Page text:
The fossil record speaks of a nature “red in tooth and claw”.

However, if we interpret the fossil record from a YEC perspective and accept a catastrophic Fall and a year-long global flood in Noah’s days, the evidence does not speak of pre-Fall animal death at all.

Creation is progressive, taking millions of years

Irons writes that new kinds appear repeatedly in the fossil record. However, Genesis teaches very clearly that God created everything in six ordinary, 24-hour days. As James Barr, Regius Professor of Hebrew at Oxford University, has admitted,

As far as the language of Genesis 1 is concerned, so far as I know, there is no professor of Hebrew or Old Testament at any world-class university who does not believe that the writer(s) of Gen. 1–11 intended to convey to their readers the ideas that (a) creation took place in a series of six days which were the same as the days of 24 hours we now experience, (b) the figures contained in the Genesis genealogies provided by simple addition a chronology from the beginning of the world up to later stages in the biblical story, (c) Noah’s Flood was understood to be world-wide and extinguish all human and animal life except for those in the ark. [7]

There is a strong case for regarding the creation days of Genesis 1 as ordinary days (see Sarfati 2004, 67-105). Extra-scriptural influences are needed to produce interpretations that encompass millions of years.

“The Book of Nature” is the 67th book of Scripture

RTB teaches what Sarfati (2004, 59) calls the Dual Revelation Theory, i.e. that nature is the 67th book of Scripture. However, if General Revelation were sufficient for salvation, there would be no need for Special Revelation. Moreover, RTB fails to make a distinction between facts and interpretations, which are often based on fallible theories. It is thus not valid to equate the infallible Word with subjective interpretations based on observations of the present state of nature.

Summary

The Bible clearly shows that the Fall of man was a catastrophe for both man and the entire creation. Attempts to make the Bible sanction pre-Fall animal predation are not based on sound hermeneutics but rely on the fallible views of man who is often in rebellion with His Maker. It would thus be wise to heed what the Bible clearly teaches and not attempt to re-interpret Scripture to make it compatible with man’s opinions.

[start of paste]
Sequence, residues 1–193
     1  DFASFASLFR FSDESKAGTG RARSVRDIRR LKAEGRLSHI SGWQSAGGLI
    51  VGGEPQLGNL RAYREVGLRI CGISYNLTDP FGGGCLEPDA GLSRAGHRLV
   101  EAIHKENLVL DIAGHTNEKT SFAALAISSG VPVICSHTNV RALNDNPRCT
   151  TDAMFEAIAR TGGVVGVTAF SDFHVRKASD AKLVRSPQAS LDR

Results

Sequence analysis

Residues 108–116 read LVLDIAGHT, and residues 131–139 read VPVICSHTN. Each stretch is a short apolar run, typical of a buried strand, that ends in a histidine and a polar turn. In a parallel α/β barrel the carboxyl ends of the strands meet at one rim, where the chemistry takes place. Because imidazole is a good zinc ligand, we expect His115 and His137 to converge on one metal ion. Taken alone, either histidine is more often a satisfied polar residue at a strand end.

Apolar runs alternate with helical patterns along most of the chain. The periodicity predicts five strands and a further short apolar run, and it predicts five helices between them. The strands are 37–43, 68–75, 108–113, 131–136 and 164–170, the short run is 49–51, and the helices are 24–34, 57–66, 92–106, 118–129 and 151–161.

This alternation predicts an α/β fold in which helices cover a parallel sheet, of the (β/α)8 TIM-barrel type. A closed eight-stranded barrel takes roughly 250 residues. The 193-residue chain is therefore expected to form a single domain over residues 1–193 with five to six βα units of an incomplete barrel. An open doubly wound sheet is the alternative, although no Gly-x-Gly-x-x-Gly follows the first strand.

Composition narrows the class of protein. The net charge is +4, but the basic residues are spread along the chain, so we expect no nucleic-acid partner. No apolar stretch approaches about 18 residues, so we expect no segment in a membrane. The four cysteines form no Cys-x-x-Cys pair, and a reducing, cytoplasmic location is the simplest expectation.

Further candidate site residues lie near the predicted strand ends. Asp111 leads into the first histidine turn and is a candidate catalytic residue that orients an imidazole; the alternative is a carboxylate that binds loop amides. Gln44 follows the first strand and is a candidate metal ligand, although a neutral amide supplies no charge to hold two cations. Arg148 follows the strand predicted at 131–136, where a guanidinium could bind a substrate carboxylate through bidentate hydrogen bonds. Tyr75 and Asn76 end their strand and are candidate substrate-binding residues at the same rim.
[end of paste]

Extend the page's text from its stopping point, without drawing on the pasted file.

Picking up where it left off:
Sources

Creation on the Web. Arguments We Think Creationists Should NOT Use. http://www.creationontheweb.com/content/view/2996.

Ham, Ken, Jason Lisle, Terry Mortenson, Paul S. Taylor and Mark van Bebber. Exposing Progressive Creation: Serious Biblical & Scientific Errors that Promote Billions of Years. Answers in Genesis booklet

Humpreys, D.Russel. 2000. Evidences for a Young Earth. Answers in Genesis booklet.

Irons. Lee. n.d. Animal Death Before the Fall http://www.reasons.org/resources/apologetics/other_papers/animal_death_before_the_fall.shtml.

Sarfati, Jonathan. 2004. Refuting Compromise. Green Forest, AR. Master Books.

Strong, James. 1996. The New Strong’s Complete Dictionary of Bible Words. Nashville, TN: Thomas Nelson.

Van Bebber, Mark and Paul S. Taylor. 1994. Creation and Time: A Report on the Progressive Creationist Book by Hugh Ross. 2nd ed. Gilbert, AZ: Eden Productions.

Footnotes

[1] I will use to New International Version (NIV) translation since it is the version I am most familiar with.
[2] I would make a distinction between operational science, i.e. that what can empirically be seen happening in our world, and origins science, which is mostly based on interpretations of what is thought to have happened in the distant past.
[3] Strong 1996, 631. Although thanatos can also be understood figuratively, it means literally death. That Paul speaks about spiritual death (e.g. Eph. 2:1, 5; Col. 2:13) does not mean that physical death is an illusion.
[4] Item 2889
[5] Abel seems to have understood the deeper meaning of sacrificing animals to God (Gen. 4:4), but the Bible does not say that he ate the sacrifices.
[6] Archer, G. 1994. A Survey of Old Testament Introduction, Moody Press, Chicago, pp. 196–197. Quoted in Ken Ham, Jason Lisle, Terry Mortenson, Paul S. Taylor & Mark Van Bebber.
Exposing progressive Creation: Serious Biblical & Scientific Errors that Promote Billions of Years.
[7] Letter to David C. C. Watson, April 23, 1984, quoted in Ham and al.